The Mitochondrial Free Radical Theory of Aging (MFRTA) is one of the leading theories of how aging occurs on a biological level. Defining the molecular events and the pathways of aging are still contentious in the study of biology and medicine. Theories fall into a couple of primary categories - programmed aging and increasing errors in biological processes.1
Programmed theories of aging:
Damage or Error Theories of aging:
Wear and Tear Theory
Rate of Living Theory
Somatic DNA Damage Theory
Free Radicals Theory / Mitochondrial Free Radical Theory
It's likely that some or all of these theories act in the combinatorial fashion to contribute to human aging. In cell and animal models, various interventions that seem to increase lifespan have been viewed in the context of these theories. In particular caloric restriction, and NAD/sirtuin-based biological pathways.2
Since 1956, the free radical hypothesis of aging has suggested that aging may be driven by biological stress and damage that accumulates through free radical molecules. Free radicals are compounds that have an excess of electrons, which can readily react with surrounding molecules. These reactions result in molecular damage to proteins, lipids, and other molecules that make up cells.3
Figure 1. Compounds that are free radicals or can break down into free radical components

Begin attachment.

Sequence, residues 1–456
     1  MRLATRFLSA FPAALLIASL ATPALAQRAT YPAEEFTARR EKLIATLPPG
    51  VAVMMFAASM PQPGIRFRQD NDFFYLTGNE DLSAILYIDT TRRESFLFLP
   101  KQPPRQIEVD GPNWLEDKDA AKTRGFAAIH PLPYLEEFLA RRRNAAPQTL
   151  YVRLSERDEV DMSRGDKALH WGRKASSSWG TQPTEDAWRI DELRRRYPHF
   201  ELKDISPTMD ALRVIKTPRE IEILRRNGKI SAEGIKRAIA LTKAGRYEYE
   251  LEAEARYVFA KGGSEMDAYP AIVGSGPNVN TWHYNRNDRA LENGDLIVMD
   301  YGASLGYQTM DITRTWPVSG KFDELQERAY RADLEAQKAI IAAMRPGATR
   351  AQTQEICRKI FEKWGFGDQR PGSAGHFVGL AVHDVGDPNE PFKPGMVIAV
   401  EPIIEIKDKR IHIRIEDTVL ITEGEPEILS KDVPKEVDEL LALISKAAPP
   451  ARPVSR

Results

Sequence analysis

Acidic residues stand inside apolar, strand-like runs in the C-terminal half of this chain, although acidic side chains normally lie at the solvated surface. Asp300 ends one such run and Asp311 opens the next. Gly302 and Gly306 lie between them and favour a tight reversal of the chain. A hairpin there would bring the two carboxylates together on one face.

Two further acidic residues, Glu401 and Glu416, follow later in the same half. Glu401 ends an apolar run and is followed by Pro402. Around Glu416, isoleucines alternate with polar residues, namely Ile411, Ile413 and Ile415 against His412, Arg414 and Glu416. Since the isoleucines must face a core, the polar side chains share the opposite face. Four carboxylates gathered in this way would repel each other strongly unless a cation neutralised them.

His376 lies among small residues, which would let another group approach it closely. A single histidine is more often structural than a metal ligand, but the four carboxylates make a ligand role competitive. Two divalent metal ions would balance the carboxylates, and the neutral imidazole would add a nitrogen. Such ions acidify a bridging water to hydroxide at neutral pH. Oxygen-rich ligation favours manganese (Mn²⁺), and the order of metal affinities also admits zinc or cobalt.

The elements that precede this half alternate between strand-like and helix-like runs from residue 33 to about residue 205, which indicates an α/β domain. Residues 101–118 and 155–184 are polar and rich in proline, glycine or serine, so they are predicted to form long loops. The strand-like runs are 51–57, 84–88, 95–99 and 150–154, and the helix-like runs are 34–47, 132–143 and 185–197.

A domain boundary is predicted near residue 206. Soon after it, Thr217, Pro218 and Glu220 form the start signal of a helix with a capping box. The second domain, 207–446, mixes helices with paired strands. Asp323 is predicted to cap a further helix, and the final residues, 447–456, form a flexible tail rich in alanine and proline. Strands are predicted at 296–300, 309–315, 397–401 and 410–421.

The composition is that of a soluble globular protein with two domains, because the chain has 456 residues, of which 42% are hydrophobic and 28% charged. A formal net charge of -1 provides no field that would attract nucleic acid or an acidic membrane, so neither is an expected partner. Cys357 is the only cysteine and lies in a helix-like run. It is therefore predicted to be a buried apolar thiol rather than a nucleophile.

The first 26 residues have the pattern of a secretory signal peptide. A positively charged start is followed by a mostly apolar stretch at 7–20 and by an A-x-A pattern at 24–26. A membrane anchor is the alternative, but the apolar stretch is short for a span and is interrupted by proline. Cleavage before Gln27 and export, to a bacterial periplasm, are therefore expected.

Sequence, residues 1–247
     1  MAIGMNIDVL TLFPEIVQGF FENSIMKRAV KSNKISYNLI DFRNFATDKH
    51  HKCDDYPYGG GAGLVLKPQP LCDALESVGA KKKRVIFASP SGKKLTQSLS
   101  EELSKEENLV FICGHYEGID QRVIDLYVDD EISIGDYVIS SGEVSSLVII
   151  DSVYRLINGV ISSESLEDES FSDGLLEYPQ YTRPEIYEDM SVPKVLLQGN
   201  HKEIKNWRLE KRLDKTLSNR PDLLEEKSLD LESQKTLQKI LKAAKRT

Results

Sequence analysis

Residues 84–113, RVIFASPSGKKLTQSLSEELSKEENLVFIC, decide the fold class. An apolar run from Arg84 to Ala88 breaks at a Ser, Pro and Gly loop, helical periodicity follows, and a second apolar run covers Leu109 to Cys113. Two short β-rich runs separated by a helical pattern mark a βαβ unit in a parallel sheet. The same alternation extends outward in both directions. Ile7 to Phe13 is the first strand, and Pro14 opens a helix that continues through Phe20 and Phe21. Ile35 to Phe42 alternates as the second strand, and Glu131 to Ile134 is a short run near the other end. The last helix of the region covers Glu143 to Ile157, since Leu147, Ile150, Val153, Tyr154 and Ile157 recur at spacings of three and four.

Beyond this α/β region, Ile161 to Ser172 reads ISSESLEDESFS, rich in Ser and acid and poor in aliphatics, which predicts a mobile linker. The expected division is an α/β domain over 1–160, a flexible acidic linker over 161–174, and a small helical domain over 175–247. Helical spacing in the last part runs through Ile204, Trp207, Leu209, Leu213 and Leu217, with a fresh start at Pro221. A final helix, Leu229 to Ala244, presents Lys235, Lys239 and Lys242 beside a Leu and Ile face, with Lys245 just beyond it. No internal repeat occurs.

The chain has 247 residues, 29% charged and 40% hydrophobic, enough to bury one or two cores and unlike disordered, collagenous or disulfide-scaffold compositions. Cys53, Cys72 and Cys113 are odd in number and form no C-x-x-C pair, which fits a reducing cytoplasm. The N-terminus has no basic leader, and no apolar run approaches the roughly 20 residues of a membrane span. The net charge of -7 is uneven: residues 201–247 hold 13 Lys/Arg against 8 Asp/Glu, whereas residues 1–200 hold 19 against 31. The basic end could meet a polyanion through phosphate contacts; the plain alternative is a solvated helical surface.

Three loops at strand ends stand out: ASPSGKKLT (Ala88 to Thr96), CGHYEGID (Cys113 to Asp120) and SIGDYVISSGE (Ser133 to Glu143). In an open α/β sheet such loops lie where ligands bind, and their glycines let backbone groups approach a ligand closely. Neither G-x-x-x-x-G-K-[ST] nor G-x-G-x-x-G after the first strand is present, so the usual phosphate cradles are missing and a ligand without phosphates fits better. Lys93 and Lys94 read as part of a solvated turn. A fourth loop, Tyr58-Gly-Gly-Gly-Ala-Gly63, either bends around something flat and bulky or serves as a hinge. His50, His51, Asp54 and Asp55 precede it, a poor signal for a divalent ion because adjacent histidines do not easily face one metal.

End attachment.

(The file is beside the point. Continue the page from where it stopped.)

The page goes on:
In 1997, Aubrey de Grey postulated that differences in mitochondrial proliferation are a major driver of aging. This theory is based on the fact that mitochondria are the site of oxygen based metabolism, and produce many free radicals during this process. Metabolically effective mitochondria produce many free radicals, and if these mitochondria are damaged by them, the cell will clear them out. The cell has mechanisms to clear out defective mitochondria (called the lysosome degradation pathway). However, if certain mitochondria are damaged in their metabolic ability, and generate fewer free radical, but are not identified as defective and destroyed by the cell, they will proliferate. Thus, if these defective mitochondria proliferate within the cell, they will crowd out the more functional mitochondria. And this crowding out is directly leading to cellular aging.4
Figure 2. Mitochondria diagram
However, at present de Grey's theory is as yet unsubstantiated. There hasn't been any data to demonstrate that defective mitochondria accumulate to any great degree, compared to healthy mitochondria.
The mitochondrial free radical theory of aging is well-substantiated and has been developed over the past 50-60 years. However, specifics of the mechanism underlying reactive oxygen species, mitochondrial function, and mitochondrial proliferation, are not fully worked out. In particular, experiments that draw a direct link between mitochondrial free-radical levels/damage, and cell clearance of defective mitochondria, need to be carried out.
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